Date & Time: Oct 29, 2003 at 1222 LT
Flight Phase:
Flight Type:
Bullhead City – Van Nuys
Crew on board:
Crew fatalities:
Pax on board:
Pax fatalities:
Other fatalities:
Total fatalities:
Captain / Total flying hours:
Captain / Total hours on type:
Aircraft flight hours:
The aircraft broke up in-flight during a high speed descent after encountering clouds and reduced visibilities aloft. The weather conditions included multiple cloud layers at 9,000, 12,000 and 16,000 feet, and reduced visibility aloft from smoke and haze from wilderness wild fires that were occurring over large portions of Southern California. The aircraft departed the airport toward a VORTAC to the west, approximately 30 nautical miles (nm) away. The first radar contact was at 1159, and the aircraft's Mode C transponder reported an altitude of 3,500 feet mean sea level (msl). By the time the aircraft reached the VORTAC, the altitude had increased to 4,900 feet msl. The aircraft continued to climb, passing through the VFR flight plan filed altitude of 8,500 feet msl, until it reached an altitude of 12,900 feet msl. The last 6 minutes of radar data reported the aircraft at various altitudes, starting at 11,000 feet msl and climbing to a maximum altitude of 12,700 feet msl. During the last 3 minutes of flight, radar data showed the aircraft made numerous left and right climbing and descending turns, eventually reversing course. The next to last radar return at 1221:24 indicated an altitude of 11,900 feet msl. Nineteen seconds later, the last radar return reported an altitude of 7,700 feet msl. The computed vertical speed between the last two radar returns was 13,263 feet per minute. The wreckage was distributed over a 0.2-nm distance, with the main wreckage approximately 0.5 miles northwest of the last radar return. The northern end of the debris path began with pieces of the left elevator, followed by sections of the right stabilizer and elevator, and more sections from both horizontal empennage surfaces. Pieces of the vertical stabilizer, rudder, and both ailerons were also found along the debris path. The southern 100 feet of the debris path contained the fuselage and both sets of wings, engines, and propellers. The aircraft impacted the ground inverted. The wings separated just outboard of the nacelles at the initial point of impact. Examination of the wreckage showed that all structural failures were the result of overload.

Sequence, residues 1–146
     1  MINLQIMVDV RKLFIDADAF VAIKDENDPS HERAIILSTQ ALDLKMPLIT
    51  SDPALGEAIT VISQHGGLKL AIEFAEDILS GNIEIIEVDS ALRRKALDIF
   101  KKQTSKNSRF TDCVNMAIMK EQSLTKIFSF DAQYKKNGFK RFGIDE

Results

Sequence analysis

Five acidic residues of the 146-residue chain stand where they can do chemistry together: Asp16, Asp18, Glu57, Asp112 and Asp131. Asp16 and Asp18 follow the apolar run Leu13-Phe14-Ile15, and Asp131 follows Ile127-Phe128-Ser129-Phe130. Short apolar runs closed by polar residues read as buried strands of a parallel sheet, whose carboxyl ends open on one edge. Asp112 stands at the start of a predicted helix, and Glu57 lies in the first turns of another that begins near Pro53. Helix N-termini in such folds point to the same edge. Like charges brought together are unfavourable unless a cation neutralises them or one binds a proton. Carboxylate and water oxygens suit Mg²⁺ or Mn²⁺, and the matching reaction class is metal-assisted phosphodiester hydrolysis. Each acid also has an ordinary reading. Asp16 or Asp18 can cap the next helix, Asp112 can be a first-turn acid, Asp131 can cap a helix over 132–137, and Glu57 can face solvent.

Probable cause:
The pilot's continued VFR flight into instrument conditions between cloud layers and with reduced visibility due to smoke that resulted in an in-flight loss of control from spatial disorientation, and the structural overload of the airframe during the subsequent high speed descent.
Final Report:
N444AM.pdf117.83 KB